Dr. Slick is generally the best brand to buy when it comes to essential tools, and they’re ECO line is a very good alternative to their standard, as they cut out the fancy gold trim and change to a lower grade stainless steel (410 to 400 SS). Buy some ECO tools first, and if you wear them out, replace them with the standard. They’ll probably outlast your patience when it comes to fly tying.. just saying.
Here are the essential tools you’ll need:
- Dr. Slick ECO – 4″ All Purpose Straight Scissors
- 4″ All Purpose Curved Scissors (more useful than you think)
- 2 Non-ceramic bobbins (ceramic bobbins were intended for Kevlar thread, you don’t need it – get two, keep one to always have a spool of black on it)
- JS Stockard economy stacker ($5-$8)
- Dr. Slick Rotary Hackle Plier ($7-$13) – Buy the longer ones if you have big hands
- Just Simply Tools Bobbin Threader
- Bodkins + Half Hitch Tool ($5) – Glorified metal pick, except for the half hitch end
- Whip Finisher ($7) – You can whip finish with your fingers just as easily
- Barb Plier – ($6) (Just to bend down the barb of the hook, feel free to use a small pair of needle nose pliers)
Additionally, there are a lot of gift sets out there, but they are kind of pricey.
Everything else is extra or should be purchased if you plan on tying a specific pattern. I keep things simple and just use Danville Un-waxed Flymaster thread. If I need wax for adding dubbing, then I use it with a stick of dubbing wax. There are other brands out there, like UNI and Veevus, but Danville is a world-famous brand and the factory is down the street from my parent’s house in Danville, New Hampshire. So I buy local. It’s pretty cheap too, so I like to buy some crazy colors every now and then to try a new pattern.
Fine Rib Wire
Buy a spool of gold, silver, and copper wire. Danville makes a Fine wire, but I generally like the look of the slightly thicker gauge UNI Ultra Wire Medium size. To me, it stands out more when tying nymphs or using it as ribbing on wooly buggers. If you plan to tie brassies, well, then buy the UNI Ultra Wire Brassie size.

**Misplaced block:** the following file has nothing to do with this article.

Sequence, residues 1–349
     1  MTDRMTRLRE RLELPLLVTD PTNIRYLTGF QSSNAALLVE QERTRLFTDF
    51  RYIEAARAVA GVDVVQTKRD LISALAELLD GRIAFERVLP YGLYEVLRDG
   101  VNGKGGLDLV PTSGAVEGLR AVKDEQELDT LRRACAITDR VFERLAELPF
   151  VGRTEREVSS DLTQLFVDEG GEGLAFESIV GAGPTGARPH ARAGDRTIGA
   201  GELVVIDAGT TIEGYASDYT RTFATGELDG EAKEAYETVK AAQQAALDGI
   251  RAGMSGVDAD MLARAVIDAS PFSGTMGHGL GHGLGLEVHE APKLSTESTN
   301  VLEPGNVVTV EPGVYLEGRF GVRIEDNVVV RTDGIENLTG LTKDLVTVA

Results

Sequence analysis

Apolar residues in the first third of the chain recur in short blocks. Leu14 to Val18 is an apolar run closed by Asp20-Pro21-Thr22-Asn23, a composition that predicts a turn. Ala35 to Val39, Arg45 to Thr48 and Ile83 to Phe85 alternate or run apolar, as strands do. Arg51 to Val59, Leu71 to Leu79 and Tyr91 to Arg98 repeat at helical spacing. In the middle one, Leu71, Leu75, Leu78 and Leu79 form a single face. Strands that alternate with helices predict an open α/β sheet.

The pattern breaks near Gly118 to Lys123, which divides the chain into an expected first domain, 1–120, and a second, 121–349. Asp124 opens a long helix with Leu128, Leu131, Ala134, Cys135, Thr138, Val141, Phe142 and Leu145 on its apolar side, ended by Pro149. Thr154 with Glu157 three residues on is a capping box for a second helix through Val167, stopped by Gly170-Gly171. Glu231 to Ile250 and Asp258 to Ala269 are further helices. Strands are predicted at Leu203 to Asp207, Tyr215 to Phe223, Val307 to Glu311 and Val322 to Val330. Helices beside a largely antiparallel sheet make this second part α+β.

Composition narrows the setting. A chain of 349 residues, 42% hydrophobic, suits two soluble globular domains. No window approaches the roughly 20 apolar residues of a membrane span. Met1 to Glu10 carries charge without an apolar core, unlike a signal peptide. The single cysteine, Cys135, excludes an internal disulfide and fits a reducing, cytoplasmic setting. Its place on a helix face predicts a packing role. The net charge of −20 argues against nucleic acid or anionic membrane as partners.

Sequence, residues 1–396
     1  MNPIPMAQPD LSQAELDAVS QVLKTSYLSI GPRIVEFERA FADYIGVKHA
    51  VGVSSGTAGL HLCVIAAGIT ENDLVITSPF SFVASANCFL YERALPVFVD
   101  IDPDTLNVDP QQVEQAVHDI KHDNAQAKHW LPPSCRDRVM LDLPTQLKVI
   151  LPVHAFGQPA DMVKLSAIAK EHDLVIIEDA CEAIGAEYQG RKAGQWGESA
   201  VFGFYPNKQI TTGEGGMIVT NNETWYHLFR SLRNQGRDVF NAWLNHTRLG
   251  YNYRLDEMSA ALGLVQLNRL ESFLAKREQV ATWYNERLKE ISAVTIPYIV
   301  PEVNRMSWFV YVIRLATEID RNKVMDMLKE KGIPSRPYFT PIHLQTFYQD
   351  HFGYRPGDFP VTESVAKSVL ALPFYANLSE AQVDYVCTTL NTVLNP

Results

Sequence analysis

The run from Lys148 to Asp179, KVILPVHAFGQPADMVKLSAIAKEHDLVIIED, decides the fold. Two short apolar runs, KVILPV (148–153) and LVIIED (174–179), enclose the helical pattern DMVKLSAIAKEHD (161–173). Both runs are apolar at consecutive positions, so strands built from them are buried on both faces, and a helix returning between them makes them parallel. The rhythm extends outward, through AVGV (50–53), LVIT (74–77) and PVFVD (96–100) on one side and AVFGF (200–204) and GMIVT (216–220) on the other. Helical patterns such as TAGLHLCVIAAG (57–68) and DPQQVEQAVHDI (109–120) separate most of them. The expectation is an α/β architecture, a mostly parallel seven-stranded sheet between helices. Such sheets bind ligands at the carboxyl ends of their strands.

Round-Lead Free Wire
Wire is wrapped around bare hooks for nymphs and sinking flies to weigh them down. They used to be made from lead, but people went cray-cray over them. Get it? I’m hilarious, I know. Instead, you can just buy the Hareline lead free alloy kind, which is about 60% the sinking power of lead. There is also tungsten wire now, but it’s slightly more expensive. However, they can make the tungsten wire in very fine guages, so its useful if you like to fish with tiny nymphs, like brassies and scuds.
Basic Non-Feather Materials
Obviously you’ll need hooks to tie flies. There are a ton of different variations, from size, to curve, to shank length, and then brands. Everyone has their preference so rather than go through them all, I’ll let you know what I use. I’m not saying these are the best, but they work fine for me. The hook sizes correspond to the fly size, just like when you’re using them, so you can change your hook sizes depending on your tackle and what flies work best for you. However, when first starting out with fly tying, bigger flies are easier to tie until you develop the dexterity and technique.